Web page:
See the super-GM contest:  Garry Kasparov - Nigel Short;  / (FIDE) World Team Championships      
         / (Commonly known as ... "The Olympiad," a biennial event.)  / Moscow, RUS; 1994.  (1-0, 42 moves.)    

         [ See - also - MCO-14, page # 292; columns 10-through-12, and all corresponding notes for those lines. ]    

   *** *** *** *** ***  *** *** *** *** ***  *** *** *** *** ***  *** *** *** *** ***  *** *** *** *** ***    

              ( Another idea for White is:  11.g4!? Rd8!?; 12.g5 Ne8;  13.Bg2 Nb6;    
                14.f5 e5;  15.Nde2!?,  "+/="  ('')  {Diagram?}    
                 (and) ... "White is prepared to launch an attack on Black's King."   

                Alexander Nikitin - Ivo Nei;  / URS Champ. Qualifier, (semi-final)       
                Riga, LAT; 1952. (1-0, 30 moves)   

                [ See the excellent book:  "(The) Sicilian: ...e6 and ...d6 Systems."    
                   By GM Garry Kasparov and also Aleksander Nikitin.   
                   Chap. # 8, page # 56; Line A. {Copyrighted by the authors.   
                   Published in 1983 - in G.B. - for American Chess Promotions.} )  ]   


 3.d4 cxd4;  4.Nxd4 Nf6;  5.Nc3 a6;   {See the diagram given, just below here.}     
The Najdorf Sicilian.  



gotm_04-05_pos1.gif, 10 KB


  rnbqkb1r/1p2pppp/p2p1n2/8/3NP3/2N5/PPP2PPP/R1BQKB1R (White - move 06)  


Bobby Fischer was one of the first to really popularize this system, but literally dozens of top GM's have played it    
and made contributions to this particular opening system as well.  

In the U.S., one of the most influential players to {also} adopt this system as his main opening weapon, was many  
-time U.S. Champion, GM Walter S. Browne. (Kids today do not realize just how strong he was. Back in the late   
1970's, Browne seemed to win the majority of the strong swiss tournaments that he entered. To me, he seemed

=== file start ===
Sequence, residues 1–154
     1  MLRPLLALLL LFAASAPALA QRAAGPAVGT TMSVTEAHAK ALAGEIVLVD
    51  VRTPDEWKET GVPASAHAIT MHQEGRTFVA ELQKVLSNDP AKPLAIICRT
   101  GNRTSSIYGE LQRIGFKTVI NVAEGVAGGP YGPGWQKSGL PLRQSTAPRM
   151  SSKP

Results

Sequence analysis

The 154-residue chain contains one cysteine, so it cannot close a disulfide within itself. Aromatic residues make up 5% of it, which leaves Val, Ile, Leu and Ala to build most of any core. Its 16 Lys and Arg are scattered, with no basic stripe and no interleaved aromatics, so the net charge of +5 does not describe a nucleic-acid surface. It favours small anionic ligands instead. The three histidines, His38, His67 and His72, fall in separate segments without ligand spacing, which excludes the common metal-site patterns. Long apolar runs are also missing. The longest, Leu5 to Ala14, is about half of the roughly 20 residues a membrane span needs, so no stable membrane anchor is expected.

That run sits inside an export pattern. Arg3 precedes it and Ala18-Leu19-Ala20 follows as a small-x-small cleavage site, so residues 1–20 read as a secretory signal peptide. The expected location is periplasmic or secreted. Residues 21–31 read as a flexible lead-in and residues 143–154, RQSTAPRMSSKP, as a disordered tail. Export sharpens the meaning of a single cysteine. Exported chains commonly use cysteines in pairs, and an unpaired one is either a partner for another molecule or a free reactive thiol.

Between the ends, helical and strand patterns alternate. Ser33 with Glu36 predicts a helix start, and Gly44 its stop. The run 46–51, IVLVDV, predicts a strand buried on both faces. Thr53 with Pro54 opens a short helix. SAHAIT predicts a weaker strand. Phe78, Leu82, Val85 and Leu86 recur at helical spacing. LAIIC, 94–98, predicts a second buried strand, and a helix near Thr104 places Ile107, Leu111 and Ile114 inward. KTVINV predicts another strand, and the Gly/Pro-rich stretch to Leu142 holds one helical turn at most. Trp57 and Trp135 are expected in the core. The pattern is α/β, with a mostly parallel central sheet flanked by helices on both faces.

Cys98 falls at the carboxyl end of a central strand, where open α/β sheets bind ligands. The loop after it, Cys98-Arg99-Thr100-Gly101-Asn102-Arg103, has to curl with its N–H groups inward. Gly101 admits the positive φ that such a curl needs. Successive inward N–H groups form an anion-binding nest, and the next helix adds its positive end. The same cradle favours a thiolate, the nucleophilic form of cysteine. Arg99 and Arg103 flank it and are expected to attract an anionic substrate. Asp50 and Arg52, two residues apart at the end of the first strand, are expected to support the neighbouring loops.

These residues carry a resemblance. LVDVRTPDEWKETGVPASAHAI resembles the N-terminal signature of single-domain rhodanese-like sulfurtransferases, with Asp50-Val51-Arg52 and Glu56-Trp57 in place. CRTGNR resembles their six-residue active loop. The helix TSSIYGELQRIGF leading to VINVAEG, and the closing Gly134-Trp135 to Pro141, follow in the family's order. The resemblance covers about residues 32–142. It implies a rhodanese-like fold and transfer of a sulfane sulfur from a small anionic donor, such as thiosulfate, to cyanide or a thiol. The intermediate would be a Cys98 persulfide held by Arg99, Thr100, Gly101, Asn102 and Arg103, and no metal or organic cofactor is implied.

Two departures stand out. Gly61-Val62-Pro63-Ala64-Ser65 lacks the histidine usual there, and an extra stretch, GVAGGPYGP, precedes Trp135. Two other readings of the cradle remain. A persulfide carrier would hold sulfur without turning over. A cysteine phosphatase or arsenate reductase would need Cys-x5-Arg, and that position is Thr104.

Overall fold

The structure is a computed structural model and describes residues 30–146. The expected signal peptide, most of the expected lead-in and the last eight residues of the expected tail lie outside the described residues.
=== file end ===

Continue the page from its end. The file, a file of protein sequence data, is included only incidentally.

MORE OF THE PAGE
nearly a chess machine, especially during that time period.)   


 6.Be3,  (hmmm)   
This has become the move of choice for many top players today ... it is, in essence, the "The English Attack" vs.
The Najdorf Sicilian. Be3 has also virtually completely replaced the lines that were the most popular when I first    
got into chess. (6.Bg5 & 6.Be2.)  

       [ The main line used to be: 
         6.Bg5 e67.f4 Be78.Qf3 Qc79.0-0-0,  "+/="  9...Nbd7{Diagram?}   
         According to the books on modern, opening theory, White has a fairly   
         large advantage. (But Black also scores well from this position.)   

         See the game:  
         GM John DM Nunn (2620) - GM Matthew Sadler (2665);    
         ICT / Annual Sea-side Resort / Premier Section, 9798 /     
         Hastings, ENG (UK); 1998.   
         (This was a very long and tough game, {72 moves}; that was eventually drawn.)   

         [ See also: MCO-14, page # 250;  columns # 07-12, and all applicable notes as well. ]   


         The other line here for White, which was commonly played most often more than twenty    
         years ago, would be:   6.Be2 e5!7.Nb3 Be78.0-0 0-09.Kh1!? b6!?   
         10.Be3 Bb711.f3 b5!12.a4!? b413.Nd5 Nxd5{Diagram?}   
         The end of the column.   

         14.exd5 Nd715.c3!? bxc316.bxc3 Bg517.Bg1 Qc7;  "~"  {Diagram?}   
          GM Nick de Firmian 'scores' this position as equal. ("=") Several strong programs    
          show a distinct advantage for Black ... I prefer an evaluation of "unclear."   

          GM V. Anand - GM B. Gelfand;  ICT / Super Masters (Inv?)  
          /Dos Hermanas, ESP; 1997.   
          {This game was quickly drawn, perhaps the contestants here were not inclined